Scripture is clear that Jesus died for the church (Acts 20:28; Ephesians 5:25) and that the church is His body (Romans 12:5; 1 Corinthians 10:17; 12:12-27; Ephesians 1:23; 4:12; 5:30; Colossians 1:18, 24; Hebrews 13:3). Participation in a church is essential to the spiritual health of individual Christians. However, statistics gathered by a recent Barna study show that church attendance is in general on the decline in this country. Almost a quarter of Americans are unchurched, even though the majority of them consider themselves Christians and a fifth of them actually read the Bible regularly. Organized religious gathering is becoming less important to the average American.
So, why should Christians attend church? First of all, attendance at corporate gatherings is a biblical mandate. Hebrews 10:24-25 tells us not to give up meeting together. It’s significant that the recipients of this letter were under the threat of persecution. Public church attendance could open them up to abuse. The command indicates that the benefits of attendance outweigh any possible threat.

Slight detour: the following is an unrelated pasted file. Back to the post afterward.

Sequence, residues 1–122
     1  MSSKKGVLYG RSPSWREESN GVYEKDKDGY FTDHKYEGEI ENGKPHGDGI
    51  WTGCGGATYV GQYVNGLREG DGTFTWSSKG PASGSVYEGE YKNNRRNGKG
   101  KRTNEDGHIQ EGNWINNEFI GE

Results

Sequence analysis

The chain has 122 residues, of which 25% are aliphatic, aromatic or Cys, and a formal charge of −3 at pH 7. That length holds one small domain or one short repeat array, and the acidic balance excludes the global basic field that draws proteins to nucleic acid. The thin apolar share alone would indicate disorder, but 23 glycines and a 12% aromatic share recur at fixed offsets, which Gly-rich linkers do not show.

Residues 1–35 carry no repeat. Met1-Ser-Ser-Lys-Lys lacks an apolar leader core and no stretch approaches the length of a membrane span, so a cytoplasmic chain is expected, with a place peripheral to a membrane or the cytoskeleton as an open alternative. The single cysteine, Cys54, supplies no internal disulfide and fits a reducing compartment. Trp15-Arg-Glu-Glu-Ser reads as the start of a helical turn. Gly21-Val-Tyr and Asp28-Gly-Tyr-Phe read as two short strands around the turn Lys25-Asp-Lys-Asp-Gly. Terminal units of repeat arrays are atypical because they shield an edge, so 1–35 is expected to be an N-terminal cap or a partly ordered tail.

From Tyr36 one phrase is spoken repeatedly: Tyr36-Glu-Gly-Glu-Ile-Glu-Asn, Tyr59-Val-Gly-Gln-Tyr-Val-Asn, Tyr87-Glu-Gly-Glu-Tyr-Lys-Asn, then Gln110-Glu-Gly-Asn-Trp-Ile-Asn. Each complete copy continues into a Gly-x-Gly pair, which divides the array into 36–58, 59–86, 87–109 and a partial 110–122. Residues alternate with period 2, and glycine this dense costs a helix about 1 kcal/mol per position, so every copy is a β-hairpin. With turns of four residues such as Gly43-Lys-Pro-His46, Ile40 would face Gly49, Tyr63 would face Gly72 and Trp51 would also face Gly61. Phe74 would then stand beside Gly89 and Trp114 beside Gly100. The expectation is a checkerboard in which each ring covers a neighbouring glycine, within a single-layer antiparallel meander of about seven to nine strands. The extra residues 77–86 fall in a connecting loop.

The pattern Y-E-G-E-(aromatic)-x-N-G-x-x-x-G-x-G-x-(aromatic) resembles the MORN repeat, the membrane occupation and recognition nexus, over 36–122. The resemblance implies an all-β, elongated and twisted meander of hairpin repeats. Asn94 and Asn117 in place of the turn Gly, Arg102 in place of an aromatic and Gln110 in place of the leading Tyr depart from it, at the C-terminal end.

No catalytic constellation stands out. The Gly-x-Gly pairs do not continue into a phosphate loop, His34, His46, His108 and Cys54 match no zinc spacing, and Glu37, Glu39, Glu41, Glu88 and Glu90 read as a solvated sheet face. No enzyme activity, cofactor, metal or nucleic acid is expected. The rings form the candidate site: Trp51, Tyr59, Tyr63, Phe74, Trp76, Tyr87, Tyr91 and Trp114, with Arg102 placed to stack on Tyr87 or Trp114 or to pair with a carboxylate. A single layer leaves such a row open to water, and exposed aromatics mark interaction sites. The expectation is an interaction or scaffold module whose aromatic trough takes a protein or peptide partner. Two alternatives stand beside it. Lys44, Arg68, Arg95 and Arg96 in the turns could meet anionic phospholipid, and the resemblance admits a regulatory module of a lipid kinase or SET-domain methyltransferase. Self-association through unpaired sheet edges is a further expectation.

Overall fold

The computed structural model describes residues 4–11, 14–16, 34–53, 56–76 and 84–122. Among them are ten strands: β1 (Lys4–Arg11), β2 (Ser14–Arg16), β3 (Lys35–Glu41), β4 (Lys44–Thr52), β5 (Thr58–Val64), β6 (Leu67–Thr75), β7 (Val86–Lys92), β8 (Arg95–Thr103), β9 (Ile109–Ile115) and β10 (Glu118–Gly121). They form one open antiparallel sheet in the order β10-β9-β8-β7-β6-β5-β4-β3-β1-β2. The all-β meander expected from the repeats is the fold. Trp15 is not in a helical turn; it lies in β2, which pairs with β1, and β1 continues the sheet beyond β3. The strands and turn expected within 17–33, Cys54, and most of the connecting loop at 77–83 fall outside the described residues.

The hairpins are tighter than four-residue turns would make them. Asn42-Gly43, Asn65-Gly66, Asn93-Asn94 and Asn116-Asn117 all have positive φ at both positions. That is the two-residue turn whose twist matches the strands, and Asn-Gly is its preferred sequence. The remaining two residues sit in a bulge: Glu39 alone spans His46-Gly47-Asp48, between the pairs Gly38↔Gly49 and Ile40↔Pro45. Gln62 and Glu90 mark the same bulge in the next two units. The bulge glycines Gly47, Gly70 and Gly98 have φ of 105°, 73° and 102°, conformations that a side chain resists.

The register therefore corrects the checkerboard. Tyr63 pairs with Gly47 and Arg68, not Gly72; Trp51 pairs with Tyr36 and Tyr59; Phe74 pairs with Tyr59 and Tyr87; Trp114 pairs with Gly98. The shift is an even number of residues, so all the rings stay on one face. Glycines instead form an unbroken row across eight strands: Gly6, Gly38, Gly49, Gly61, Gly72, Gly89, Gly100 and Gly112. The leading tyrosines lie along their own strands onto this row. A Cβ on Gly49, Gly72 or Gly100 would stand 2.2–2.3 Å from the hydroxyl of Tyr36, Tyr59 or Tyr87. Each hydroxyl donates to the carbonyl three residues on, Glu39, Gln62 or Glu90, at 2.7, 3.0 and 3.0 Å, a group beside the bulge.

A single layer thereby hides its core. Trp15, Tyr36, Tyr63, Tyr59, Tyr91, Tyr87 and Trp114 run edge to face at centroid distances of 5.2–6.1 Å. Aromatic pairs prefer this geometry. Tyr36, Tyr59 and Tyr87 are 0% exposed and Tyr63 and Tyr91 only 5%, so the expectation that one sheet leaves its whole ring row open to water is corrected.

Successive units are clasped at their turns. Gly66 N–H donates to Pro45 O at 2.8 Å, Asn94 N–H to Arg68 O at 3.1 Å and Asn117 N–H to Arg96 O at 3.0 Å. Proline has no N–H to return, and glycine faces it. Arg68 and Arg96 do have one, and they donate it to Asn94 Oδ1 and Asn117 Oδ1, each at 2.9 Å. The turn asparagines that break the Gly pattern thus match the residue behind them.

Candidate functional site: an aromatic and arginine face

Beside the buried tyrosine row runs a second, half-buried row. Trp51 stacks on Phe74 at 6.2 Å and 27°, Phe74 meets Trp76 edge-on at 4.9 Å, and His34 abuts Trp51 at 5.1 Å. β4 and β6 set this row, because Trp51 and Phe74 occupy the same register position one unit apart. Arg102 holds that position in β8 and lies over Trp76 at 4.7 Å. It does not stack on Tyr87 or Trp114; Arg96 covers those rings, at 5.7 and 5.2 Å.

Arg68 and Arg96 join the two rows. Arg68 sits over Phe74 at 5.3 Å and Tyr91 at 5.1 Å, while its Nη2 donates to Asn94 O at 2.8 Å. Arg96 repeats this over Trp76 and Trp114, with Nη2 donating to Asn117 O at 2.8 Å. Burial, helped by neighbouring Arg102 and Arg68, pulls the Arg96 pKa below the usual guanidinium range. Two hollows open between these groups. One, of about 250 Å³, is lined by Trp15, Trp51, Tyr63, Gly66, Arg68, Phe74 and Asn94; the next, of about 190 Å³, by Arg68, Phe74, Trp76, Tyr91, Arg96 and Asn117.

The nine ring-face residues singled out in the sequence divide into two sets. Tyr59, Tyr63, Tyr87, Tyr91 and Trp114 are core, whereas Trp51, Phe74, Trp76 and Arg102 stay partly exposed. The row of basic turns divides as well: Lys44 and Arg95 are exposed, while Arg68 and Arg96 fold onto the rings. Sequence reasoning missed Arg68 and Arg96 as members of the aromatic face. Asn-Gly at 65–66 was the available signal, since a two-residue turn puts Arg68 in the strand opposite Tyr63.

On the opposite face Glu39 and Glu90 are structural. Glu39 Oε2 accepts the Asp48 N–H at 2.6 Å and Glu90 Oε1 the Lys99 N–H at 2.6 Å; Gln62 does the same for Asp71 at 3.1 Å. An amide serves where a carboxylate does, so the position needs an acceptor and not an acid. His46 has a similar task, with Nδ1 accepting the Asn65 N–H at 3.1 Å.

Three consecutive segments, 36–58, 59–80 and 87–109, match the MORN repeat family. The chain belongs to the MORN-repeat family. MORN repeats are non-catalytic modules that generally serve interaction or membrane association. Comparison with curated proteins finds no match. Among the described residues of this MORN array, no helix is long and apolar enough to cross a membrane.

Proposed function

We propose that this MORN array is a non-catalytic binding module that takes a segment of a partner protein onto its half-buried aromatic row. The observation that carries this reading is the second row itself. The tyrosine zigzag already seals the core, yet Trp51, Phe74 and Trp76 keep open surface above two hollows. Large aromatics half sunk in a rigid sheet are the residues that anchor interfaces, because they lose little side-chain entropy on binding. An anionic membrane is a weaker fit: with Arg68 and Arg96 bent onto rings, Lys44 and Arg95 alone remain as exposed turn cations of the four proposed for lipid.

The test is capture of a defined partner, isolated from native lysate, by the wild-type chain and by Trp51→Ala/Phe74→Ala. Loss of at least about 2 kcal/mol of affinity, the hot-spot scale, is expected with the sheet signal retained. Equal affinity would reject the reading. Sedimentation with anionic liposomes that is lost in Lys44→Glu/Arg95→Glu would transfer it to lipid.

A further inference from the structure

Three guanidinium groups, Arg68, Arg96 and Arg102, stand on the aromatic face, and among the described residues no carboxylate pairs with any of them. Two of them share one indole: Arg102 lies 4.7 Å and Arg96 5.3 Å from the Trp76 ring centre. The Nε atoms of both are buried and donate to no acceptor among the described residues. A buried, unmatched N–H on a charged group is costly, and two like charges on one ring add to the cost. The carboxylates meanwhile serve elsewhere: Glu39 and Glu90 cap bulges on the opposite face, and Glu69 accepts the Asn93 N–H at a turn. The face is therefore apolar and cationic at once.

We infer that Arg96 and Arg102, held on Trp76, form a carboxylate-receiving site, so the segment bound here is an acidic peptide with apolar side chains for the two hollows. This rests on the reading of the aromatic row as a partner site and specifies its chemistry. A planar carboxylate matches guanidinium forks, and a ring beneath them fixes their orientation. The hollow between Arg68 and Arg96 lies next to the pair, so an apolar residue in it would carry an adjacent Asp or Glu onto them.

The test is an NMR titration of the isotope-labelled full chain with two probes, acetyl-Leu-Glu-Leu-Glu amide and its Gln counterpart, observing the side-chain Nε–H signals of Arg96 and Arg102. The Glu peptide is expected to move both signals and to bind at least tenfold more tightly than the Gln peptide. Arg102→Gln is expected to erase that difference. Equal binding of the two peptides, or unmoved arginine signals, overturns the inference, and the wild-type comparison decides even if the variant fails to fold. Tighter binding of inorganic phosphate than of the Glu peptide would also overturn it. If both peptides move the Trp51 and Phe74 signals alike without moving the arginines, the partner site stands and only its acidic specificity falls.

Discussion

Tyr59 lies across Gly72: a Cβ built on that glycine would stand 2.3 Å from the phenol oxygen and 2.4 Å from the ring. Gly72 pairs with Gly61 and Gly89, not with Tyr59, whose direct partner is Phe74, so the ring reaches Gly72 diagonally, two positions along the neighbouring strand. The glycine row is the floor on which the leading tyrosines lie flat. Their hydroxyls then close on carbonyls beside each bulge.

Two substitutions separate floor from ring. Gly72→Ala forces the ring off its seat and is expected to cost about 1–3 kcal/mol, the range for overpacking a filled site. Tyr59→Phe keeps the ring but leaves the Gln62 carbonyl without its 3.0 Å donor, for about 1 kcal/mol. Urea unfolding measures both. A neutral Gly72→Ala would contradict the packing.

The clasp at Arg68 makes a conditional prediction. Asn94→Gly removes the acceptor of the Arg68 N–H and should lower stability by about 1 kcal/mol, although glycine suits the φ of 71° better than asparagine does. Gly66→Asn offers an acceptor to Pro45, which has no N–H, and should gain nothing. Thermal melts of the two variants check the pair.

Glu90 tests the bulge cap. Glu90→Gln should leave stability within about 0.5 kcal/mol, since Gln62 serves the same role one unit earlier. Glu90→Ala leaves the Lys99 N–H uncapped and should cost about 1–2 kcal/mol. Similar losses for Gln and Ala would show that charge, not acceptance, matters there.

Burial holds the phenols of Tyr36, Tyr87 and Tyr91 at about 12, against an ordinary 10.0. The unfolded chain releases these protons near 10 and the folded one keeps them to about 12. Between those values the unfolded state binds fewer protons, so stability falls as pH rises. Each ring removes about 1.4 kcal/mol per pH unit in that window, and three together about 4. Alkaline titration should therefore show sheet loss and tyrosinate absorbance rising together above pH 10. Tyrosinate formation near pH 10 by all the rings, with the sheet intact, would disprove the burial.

The Christian life was never meant to be solitary. All of the biblical metaphors for a church indicate a plurality, never a singularity: we are a body, a flock, a building, and a holy nation. There are no “lone wolves” in biblical Christianity.
A second reason for church attendance is the array of spiritual blessings it bestows. Negatively speaking, church attendance helps prevent backsliding and apostasy. Without regular participation in corporate worship, one tends to drift spiritually. Positively, church attendance promotes fellowship and encouragement. In the book of Acts, we’re told that those who came to faith in the early days “continued steadfastly in . . . fellowship” (2:42). The Hebrews passage mentioned above reveals that one of the purposes of gathering together is to “encourage one another.” We all need encouragement. Corporate worship provides that for us.
Another reason for corporate worship is the public statement it makes. If we’re regular church attendees, we publicly demonstrate our obedience to the command to love God. To say we love Christ yet neglect His body is hypocritical. Regular church attendance also shows support for the work of God in the world—that we are